letter to the editor

Boothbay Harbor warrant Article 25 guts resident appeals process

Wed, 05/04/2022 - 10:00am

Dear Editor:

This Saturday, May 7, at 9 a.m., Boothbay Harbor residents will convene for their town meeting at Boothbay Region Elementary School to vote on 29 warrant articles.

We urge residents to reject warrant Article 25, which, if enacted, would eliminate the most important function of the Town’s Board of Appeals – hearing residents’ appeals of decisions of the Code Enforcement Officer and the Planning Board.

Article 25 proposes to modify a key provision of § 107.108(D)(2)(a) of the town’s ordinances that enumerates the powers and duties of the Board of Appeals:

(2) The Board of Appeals shall have the following powers and duties:

(a) Administrative appeals shall be an appellate hearing. If new facts or evidence are available, the matter shall be referred back to the Planning Board or Code Enforcement Officer for a new decision based on the additional information. Administrative appeals: to hear and decide where it is alleged there is an error on any order, requirement, decision or determination made by the Code Enforcement Officer or by the Planning Board. The action or inaction of the Code Enforcement Officer or Planning Board may be modified or reversed by majority vote of those present and voting. This may include enforcement actions.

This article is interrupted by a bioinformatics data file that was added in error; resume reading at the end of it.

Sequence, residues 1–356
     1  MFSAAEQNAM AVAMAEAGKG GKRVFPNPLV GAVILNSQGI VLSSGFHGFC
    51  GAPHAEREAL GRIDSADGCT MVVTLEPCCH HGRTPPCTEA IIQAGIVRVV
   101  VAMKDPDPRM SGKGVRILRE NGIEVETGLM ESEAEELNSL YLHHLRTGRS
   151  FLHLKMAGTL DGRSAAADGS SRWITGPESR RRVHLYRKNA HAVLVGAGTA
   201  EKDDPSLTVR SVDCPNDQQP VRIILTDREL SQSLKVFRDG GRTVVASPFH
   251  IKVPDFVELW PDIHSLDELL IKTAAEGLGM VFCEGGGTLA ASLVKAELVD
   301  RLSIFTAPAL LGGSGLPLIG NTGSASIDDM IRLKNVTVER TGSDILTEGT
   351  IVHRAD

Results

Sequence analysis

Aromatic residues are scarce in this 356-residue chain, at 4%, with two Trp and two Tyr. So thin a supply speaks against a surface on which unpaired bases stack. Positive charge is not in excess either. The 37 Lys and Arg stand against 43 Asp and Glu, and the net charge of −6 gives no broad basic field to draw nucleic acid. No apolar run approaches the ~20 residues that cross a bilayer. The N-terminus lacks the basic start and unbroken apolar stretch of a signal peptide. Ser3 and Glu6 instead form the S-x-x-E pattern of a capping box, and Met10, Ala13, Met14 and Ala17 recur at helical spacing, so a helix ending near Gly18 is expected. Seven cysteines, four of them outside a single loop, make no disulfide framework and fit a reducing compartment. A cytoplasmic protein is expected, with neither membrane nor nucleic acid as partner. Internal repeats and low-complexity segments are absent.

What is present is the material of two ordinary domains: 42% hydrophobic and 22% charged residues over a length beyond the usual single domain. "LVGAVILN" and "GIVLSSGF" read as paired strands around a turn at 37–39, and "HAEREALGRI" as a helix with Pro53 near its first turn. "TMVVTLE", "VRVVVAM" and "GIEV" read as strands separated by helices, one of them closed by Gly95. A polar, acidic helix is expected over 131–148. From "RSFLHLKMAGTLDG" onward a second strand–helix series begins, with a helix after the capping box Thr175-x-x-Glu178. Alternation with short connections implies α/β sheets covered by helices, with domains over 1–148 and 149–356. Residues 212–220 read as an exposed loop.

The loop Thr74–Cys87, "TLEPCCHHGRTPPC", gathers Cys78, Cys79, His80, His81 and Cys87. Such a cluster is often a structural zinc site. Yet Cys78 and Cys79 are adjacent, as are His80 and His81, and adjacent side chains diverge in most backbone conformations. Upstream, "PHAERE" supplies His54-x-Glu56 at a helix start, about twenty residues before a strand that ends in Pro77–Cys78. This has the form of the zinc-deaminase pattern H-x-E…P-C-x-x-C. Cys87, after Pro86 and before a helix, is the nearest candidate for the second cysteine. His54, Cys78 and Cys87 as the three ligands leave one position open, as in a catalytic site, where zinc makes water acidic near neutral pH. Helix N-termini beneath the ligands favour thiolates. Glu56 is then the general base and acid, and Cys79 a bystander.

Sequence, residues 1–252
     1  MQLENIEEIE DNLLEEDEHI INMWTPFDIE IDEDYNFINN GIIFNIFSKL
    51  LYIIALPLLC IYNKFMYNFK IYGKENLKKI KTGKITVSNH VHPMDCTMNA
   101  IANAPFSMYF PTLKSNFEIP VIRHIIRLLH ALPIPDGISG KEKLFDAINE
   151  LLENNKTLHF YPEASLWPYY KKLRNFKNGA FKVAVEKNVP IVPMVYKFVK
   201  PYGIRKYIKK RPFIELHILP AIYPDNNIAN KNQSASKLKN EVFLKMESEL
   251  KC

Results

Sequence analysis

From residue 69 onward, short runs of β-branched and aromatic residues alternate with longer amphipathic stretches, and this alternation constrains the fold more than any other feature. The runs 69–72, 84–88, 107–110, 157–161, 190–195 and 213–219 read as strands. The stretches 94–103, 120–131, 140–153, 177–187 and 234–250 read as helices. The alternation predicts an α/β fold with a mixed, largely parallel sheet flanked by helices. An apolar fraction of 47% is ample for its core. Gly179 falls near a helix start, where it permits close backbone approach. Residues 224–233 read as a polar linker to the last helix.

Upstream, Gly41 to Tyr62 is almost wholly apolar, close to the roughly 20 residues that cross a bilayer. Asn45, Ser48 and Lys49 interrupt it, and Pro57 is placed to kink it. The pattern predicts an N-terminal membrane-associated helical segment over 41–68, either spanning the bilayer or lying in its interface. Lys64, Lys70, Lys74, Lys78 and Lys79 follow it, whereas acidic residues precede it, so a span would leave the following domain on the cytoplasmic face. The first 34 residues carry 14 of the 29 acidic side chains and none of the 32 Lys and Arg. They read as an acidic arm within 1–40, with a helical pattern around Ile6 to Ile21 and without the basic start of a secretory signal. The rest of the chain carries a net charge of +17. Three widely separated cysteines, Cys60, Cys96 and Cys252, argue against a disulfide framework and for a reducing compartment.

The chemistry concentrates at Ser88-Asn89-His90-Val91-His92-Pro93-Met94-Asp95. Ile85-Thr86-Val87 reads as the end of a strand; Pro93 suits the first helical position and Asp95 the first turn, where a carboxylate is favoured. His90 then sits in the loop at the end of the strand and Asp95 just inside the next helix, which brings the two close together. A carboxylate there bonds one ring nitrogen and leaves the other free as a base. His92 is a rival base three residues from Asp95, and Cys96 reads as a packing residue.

Warrant Article 25 proposes to replace the bolded language above with the following:

Any order requirement, decision, or determination made, or failure to act, in the enforcement of this Code is not appealable to the Board of Appeals.

The warrant states that the intent of Article 25 “is to clarify the procedures for administrative appeals.” However, approval of Article 25 will make any action or inaction of the CEO or the Planning Board immune from appeal to the Board of Appeals. 

If this change is enacted, residents aggrieved by a decision of the CEO or the Planning Board will lose the right to request a review of the CEO or Planning Board’s action by the local Board of Appeals. Instead, individuals will have to appeal any such action/inaction directly to the Lincoln County Superior Court. And, under this scenario, the town will lose the opportunity to rectify an error before it goes to the Superior Court. Litigation in Superior Court greatly increases the expense to residents and the town to resolve a dispute over a zoning issue.

We urge you to attend Boothbay Harbor’s town meeting and vote to reject Article 25.

Wendy Wolf, Chair, Board of Appeals

Merritt R. Blakeslee, former Chair, Board of Appeals

Lawrence Rebel, Board of Appeals

Rosemary Bourette, Board of Appeals

Ronald Cohen, Board of Appeals

John Hochstein, Planning Board

Jon Dunsford, Planning Board, former member Board of Appeals

Lee Corbin, Planning Board